system.tag.writeSynchronous in Ignition 8

Hi everyone,

We have just upgraded a project from Ignition 7.9.10 to Ignition 8.

In the project we have a lot of scripts that use the system.tag.writeSynchronous function to write to tags.

After testing using Ignition 8 it looks like the system.tag.writeSynchronous and system.tag.write functions still works even though they are no longer listed in the Ignition user manual for version 8. The only thing we had to change was changing the timeout unit from seconds to miliseconds.

My question is can we keep on using system.tag.writeSynchronous function in the scripts? (it will be great if we can keep on using it) or is system.tag.writeSynchronous and system.tag.write going to be completely phased out at some stage in newer versions? And if it’s not recommended to keep on using these two functions then which of the new tag write function should we change to? As I see in the Ignition 8 manual the system.tag.writeAsync function seems to be quite different?

Many thanks.

I had asked a similar question whether synchronous read and write will be deprecated in version 8 or not. I was told that they will internally use the asynchronous calls but they will continue to be supported for backward compatibility so that existing code of many users will not break. However they are not documented so that people use the async versions. Someone from IA may confirm please. Also please confirm if it will have an impact on the performance (using sync vs async in new versions of Ignition).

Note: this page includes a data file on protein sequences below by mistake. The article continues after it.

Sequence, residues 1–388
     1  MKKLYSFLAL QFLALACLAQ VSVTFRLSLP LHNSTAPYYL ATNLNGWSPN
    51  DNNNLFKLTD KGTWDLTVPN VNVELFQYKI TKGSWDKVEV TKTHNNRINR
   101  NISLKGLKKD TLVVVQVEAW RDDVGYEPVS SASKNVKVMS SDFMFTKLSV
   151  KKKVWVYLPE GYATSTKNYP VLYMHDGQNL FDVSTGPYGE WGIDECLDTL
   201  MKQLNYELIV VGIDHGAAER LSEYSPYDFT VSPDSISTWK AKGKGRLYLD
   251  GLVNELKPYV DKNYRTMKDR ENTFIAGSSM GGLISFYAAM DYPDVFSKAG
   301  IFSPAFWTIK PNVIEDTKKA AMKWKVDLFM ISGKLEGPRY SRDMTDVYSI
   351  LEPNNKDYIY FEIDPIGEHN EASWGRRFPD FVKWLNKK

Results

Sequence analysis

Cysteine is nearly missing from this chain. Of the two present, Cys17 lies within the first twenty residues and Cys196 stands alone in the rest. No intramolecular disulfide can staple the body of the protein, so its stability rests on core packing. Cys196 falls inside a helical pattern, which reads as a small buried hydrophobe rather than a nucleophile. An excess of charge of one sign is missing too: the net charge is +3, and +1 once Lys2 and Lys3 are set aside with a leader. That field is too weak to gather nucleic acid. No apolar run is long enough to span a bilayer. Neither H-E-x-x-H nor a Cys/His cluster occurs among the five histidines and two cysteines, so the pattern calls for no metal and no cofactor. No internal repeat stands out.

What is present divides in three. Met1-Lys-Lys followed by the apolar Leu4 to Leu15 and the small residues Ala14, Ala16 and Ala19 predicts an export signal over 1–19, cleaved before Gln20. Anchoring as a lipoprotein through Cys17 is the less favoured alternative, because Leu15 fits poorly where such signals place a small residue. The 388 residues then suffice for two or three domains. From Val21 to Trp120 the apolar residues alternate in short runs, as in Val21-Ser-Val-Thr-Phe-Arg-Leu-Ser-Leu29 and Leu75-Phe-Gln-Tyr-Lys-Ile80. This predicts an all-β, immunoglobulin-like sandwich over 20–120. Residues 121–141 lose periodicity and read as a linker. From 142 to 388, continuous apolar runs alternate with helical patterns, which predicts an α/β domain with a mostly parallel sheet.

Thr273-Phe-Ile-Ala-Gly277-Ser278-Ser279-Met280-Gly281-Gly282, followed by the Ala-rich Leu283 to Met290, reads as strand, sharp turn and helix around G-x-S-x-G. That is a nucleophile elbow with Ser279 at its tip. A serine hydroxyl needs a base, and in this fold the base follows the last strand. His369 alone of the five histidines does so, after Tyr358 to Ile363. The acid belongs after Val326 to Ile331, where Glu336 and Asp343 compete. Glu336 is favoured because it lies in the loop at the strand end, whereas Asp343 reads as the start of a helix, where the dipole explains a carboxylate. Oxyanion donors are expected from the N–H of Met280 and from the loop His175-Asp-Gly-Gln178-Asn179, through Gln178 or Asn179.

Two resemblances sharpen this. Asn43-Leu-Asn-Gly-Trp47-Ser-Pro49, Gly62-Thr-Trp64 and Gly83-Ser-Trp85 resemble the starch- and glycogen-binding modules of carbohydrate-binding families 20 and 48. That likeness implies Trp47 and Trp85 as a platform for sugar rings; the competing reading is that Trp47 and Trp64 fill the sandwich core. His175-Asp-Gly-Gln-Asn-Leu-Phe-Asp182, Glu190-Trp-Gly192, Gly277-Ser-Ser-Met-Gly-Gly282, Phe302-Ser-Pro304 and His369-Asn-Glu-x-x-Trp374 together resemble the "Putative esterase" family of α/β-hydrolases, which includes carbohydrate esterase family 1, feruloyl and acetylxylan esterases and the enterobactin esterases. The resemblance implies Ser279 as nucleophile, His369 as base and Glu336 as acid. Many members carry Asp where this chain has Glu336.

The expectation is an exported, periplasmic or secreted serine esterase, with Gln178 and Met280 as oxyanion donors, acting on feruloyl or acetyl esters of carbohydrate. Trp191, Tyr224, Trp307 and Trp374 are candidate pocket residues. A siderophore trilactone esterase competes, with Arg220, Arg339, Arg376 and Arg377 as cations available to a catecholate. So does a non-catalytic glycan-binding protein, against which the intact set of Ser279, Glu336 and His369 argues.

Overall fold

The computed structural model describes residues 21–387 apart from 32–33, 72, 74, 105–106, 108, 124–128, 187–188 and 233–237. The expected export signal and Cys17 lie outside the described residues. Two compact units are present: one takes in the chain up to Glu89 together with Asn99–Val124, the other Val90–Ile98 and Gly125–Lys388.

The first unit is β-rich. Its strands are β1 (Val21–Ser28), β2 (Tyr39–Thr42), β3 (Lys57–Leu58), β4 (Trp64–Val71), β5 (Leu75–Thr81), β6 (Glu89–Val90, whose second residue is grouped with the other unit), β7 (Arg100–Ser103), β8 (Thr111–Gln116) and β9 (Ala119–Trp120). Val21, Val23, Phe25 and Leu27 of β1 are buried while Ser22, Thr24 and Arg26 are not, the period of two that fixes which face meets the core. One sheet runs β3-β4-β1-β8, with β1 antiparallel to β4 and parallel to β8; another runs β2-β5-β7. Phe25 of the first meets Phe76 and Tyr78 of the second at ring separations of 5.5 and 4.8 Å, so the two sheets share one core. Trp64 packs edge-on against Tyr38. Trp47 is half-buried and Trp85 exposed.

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They won’t stop working.

writeSynchronous has been replaced by writeBlocking.


writeBlocking has return values from the function and writeSynchronous does not.
I tested these on the script console and I did notice some difference in response time of the over all execution of a same script.
Question: Is there a documented/known difference in the performance between these 2 functions ?
I am interested to know if one can finish writing faster than the other.

There is no performance difference, they have the same underlying implementation.